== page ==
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From Salem to Sundance: Meet film festival programmer Heidi Zwicker

The North Shore native shares some of her most-anticipated movies for this year’s fest, including ‘Scrapper,’ ‘Magazine Dreams,’ and ‘Eileen’

Heidi Zwicker, photographed across the street from the Cabot cinema. She is a Sundance Film Festival senior programmer originally from the North Shore of Boston.Suzanne Kreiter/Globe Staff

In 2020, Sundance Film Festival senior programmer Heidi Zwicker was screening festival submissions when she reached a movie called “CODA.” A native of Boston’s North Shore, Zwicker was sheltering from the pandemic in Los Angeles and hadn’t seen her family in several months. She didn’t know when she would see them again.

Seeing the film triggered “a wave of emotion,” Zwicker recalled on a recent Zoom interview, particularly the scenes shot at Briscoe Middle School in Beverly, where she had gone.

“The sense of home — the thing that you look for in a Boston movie — was so strong,” she said.


Zwicker was part of the 13-person programming team that handpicked “CODA” for that year’s Sundance, the world’s premier independent film festival that takes place every January in Park City, Utah. The coming-of-age film played on opening night, promptly sold to Apple for a record-breaking $25 million, and later won the Oscar for best picture.

The “CODA” success story epitomizes the value of Zwicker’s work: She’s a tastemaker, unearthing indie gems and then lifting them up so the whole world can see them shine.

Much of Zwicker’s year is spent on the hunt. During some months, she consumes as many as eight or nine film contenders in a day, or as she described it, “watching movies from when you wake up to when you go to bed.” In other seasons, she travels the world attending festivals and showcases, scouting fresh talent, and tracking works-in-progress.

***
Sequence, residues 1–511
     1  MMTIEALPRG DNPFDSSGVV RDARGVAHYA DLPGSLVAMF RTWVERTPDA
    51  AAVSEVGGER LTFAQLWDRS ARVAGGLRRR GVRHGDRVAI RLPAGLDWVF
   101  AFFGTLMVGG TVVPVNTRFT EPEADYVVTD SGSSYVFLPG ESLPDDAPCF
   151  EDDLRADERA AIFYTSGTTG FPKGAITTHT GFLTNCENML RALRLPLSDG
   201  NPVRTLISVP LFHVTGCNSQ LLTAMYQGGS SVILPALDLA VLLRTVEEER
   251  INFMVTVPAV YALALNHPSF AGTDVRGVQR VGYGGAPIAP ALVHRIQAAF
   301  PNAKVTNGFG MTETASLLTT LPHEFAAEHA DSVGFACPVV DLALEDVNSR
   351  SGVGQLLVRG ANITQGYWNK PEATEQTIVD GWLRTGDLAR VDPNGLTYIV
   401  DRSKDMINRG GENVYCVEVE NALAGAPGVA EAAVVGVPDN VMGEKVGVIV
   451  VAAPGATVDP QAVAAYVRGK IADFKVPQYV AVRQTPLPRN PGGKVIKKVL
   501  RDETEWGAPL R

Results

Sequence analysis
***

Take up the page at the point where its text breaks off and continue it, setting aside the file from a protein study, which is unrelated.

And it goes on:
Zwicker is in the throes of preparing for this year’s festival, which begins Jan. 19 and will offer a combination of live and online programming. (This year, she is one of 12 features programmers and 10 shorts programmers.) It is the first Sundance to take place in person in three years; last year’s events were canceled before the festival amid concerns over the Omicron variant of COVID-19, and the 2021 festival was entirely virtual.


Bringing Sundance back to Park City was important to the staff. “There is that experience when you’re at a film festival and the rest of the world doesn’t exist,” Zwicker said. “That’s what I definitely have not had for the last few years — because the world very much exists when you’re doing the online festival — that magic.”

Zwicker, 44, was born in Salem and moved “over the bridge” to Beverly when she was about 10. Her enthusiasm for film and TV began as a kid. One of her earliest movie memories involves weeping over fallen Ewoks when her dad took her to see “Return of the Jedi” at Cinema Salem.

“You could not have convinced me that what I was experiencing wasn’t real and that I wasn’t seeing something adorable die in front of me,” she said.

She went on to major in English with a concentration in film and drama studies at the University of Massachusetts Dartmouth, and later moved across the country for a master’s degree in Critical Studies of Film and Television at the University of California at Los Angeles.

Despite her interest in entertainment, Zwicker didn’t seriously consider pursuing a career in the field until 2004, when a UCLA classmate recommended her for a gig at Sundance. The job entailed writing coverage — or summaries and analysis — of international scripts. She fell in love with the work, and the following year, she began screening film submissions for the festival.


For several years, Zwicker hopped around various positions at Sundance, and eventually landed in a front-facing role that was as much about curation as it was about networking: Zwicker was expected to present films to audiences, moderate Q&As, and serve as a guide for filmmakers through the Wild West of indie film publicity and distribution.

This was a job for a schmoozer, and for a more reserved cinephile like Zwicker, the responsibilities were alien and challenging.